He Died With a Felafel in His Hand (2001)

At a party I told my boyfriend that “I am going to make a movie about emerging adulthood.”

“That sounds cool.” He said. “What’s it gonna be about?”

“What do you mean? It’s going to be about this.” I said staring at the increasingly chaotic mosh pit of 20-somethings mere inches away from me. “Emerging adulthood!” I exclaimed, barely dodging a blow to the head from a crowd surfer.

“Yeah I know, ’emerging adulthood,’ but what story are you telling? What’s the point?”

… And I couldn’t really come up with anything. The idea seemed solid in my head… Just Emerging Adulthood: The delay of growing up, or becoming an ADULT adult, to go through the discovery of your true most truest self and pursue as many hedonistic interests as you can before you can’t.

Anyway at the party, after about 5 minutes of observing adulthood not so much emerging as receding, my boyfriend leans over to me and says: “Here’s what you should do: Watch a lot of ‘coming of age’-type movies. That should help you.”

Of course. Coming of age. The “emerging adulthood” story has been done. Over and over and over. There is even one movie that pretty much tells exactly the story I could conceptualize but not articulate at the party.

I’m not saying He Died With a Felafel In His Hand is exactly the movie about emerging adulthood I would have made, but it’s pretty damn close. Also, dying with a falafel in my hand is not that far out of the realm of possibility for me because falafels are my favorite food.

He Died With a Felafel In His Hand is an interesting and witty “coming of age” Australian indie comedy. The characters could be straight out of Trainspotting, except replace the drug use with a mean nicotine habit and actually keep the drug use.

From the press release for the movie:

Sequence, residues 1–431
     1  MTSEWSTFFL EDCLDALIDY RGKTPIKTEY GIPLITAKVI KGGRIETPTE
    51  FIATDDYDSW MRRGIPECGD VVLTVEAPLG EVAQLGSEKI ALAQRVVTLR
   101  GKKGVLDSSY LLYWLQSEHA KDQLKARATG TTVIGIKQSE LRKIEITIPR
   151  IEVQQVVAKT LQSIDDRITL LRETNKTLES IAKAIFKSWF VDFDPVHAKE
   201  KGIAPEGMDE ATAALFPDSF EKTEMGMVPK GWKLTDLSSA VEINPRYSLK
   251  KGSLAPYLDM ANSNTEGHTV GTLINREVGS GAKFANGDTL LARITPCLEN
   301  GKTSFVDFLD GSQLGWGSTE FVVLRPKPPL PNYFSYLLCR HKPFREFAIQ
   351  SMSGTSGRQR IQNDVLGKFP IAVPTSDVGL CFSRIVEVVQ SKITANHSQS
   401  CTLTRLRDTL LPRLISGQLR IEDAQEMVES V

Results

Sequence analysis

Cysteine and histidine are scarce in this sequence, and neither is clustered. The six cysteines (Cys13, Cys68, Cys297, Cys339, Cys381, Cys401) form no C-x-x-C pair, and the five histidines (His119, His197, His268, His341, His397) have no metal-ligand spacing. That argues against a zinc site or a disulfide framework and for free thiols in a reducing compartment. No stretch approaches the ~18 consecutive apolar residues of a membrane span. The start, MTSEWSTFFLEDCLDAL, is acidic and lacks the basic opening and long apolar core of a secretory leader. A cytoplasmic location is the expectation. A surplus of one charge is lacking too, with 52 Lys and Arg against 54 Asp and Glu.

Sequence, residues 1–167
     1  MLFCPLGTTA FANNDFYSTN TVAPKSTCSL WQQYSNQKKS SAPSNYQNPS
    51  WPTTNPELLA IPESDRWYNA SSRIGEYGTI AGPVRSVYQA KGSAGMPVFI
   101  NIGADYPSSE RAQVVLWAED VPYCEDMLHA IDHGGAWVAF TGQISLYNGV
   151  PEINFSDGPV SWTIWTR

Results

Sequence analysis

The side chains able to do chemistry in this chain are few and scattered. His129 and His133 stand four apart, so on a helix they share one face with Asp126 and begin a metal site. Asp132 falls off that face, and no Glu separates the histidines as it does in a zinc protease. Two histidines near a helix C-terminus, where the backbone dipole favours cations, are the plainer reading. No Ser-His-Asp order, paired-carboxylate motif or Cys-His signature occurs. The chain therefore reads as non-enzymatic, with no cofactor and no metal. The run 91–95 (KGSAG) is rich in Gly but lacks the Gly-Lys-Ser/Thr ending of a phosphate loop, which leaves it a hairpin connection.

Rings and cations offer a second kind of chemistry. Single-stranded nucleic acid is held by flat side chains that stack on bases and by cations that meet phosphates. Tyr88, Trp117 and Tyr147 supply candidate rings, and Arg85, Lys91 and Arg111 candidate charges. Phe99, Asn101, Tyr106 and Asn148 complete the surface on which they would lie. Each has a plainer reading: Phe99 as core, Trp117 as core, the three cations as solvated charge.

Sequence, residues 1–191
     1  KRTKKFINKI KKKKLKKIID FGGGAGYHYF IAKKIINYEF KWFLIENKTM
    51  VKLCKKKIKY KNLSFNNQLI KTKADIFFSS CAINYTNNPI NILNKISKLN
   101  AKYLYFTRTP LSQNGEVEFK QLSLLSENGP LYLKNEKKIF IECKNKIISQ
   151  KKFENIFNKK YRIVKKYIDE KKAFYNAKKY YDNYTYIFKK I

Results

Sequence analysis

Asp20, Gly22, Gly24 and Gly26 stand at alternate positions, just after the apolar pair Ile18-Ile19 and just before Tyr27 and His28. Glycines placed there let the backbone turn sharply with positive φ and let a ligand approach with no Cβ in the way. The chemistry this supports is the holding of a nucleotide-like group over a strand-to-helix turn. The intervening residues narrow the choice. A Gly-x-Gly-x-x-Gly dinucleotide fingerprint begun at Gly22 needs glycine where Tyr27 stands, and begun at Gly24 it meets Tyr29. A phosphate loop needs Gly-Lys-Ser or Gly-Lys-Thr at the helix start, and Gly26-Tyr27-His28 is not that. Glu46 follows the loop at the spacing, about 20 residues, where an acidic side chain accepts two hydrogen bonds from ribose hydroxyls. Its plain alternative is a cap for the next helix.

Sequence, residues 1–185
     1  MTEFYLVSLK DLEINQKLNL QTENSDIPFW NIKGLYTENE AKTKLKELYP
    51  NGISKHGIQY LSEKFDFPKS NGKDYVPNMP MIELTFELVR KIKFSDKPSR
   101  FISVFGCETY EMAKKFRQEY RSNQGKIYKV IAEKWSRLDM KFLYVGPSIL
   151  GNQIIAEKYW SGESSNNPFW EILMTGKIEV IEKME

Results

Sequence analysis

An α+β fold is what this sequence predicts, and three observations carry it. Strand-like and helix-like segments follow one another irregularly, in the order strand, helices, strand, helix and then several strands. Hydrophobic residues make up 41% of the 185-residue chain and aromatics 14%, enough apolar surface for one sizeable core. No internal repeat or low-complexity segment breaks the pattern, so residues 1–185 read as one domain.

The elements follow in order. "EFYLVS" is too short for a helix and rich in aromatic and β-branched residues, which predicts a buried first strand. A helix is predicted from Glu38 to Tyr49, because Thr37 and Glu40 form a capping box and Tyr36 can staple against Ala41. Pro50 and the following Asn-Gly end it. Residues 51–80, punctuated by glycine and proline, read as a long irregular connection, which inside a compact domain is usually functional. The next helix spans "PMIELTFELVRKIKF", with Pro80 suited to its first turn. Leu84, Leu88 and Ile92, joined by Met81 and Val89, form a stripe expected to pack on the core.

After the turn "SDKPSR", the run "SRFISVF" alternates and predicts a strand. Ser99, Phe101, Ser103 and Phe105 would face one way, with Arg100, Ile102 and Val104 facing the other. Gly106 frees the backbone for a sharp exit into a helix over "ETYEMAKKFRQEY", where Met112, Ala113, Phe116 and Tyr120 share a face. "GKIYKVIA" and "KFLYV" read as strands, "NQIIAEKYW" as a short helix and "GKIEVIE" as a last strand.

He Died With a Felafel in His Hand is based on the book of the same title by John Birmingham. The book details the life of Danny and his different flatmates and living situations.


If you’re looking for the real emerging adulthood experience, this film from Director Richard Lowenstein has everything: Overdoses, philosophical conversations while under the influence, struggling actors/artists, confused sexuality, karaoke, smoking, alcohol, fighting roommates, cops, Penthouse Magazine, pagan rituals, pop culture references, frog golf, terrible business ideas, debt, suicide attempts and dishes set on fire. There’s also tons of intrigue, tight close-up shots, insecurity and tears.

Danny (portrayed by Noah Taylor) is the prototypical lost and confused 20-something male. I see so many similarities between him and people I know (not me though; not at all).


Here are some things about Danny:

  • He repeatedly plays the same song on his guitar (California Dreaming), but he sings a different, truer-to-the-song’s-lyrics, slower version
  • He is an unpublished Writer for a living
  • Hung up on his ex-wife
  • Excessively smokes cigarettes
  • Owes a lot of money
  • Paints his gray hairs with a black marker
  • He is deeply aware of his own sense of melodrama, he lacks faith in himself but expects faith in others, projects his insecurities into everybody, rejects happiness as being shallow and superficial, embraces post-modernism to avoid having an original thought, criticizes himself to be above all criticism, hates what he desires, desires what he hates, and always has to kill what he loves most

I really liked the character of Anya. She is a trés philosophical, vegetarian, chaos freak (“like a control freak but for chaos”). She quotes Star Trek and she matches Danny in excessive cigarette consumption. She might be a witch.

All of the characters were well thought out and are interesting/amusing to watch. Felafel covers the entire gamut of types of 20-somethings (and the things they do) quite nicely.

He Died With a Felafel in His Hand is also beautifully shot and the vignettes are thoughtfully done. The outrageous and caricature-like characters come off surprisingly relatable and real.

The film also wears its influences on its sleeves. I love when artists directly reference and shout out those that inspire them. Best way to discover new stuff, that is.

I never answered the question my boyfriend asked me at the party, about what the point is. With He Died With a Felafel In His Hand in mind, I’d have to say that what is the point is the point.

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2 thoughts on “He Died With a Felafel in His Hand (2001)

  1. Hi! I just found your blog through this post (I saw He Died today and it’s kind of haunting me now), and I just wanted to let you know that I have been captivated by the rest of your posts. I am in awe. Personal writing and essays about films are two of my favourite things, and your writing is just delightful.

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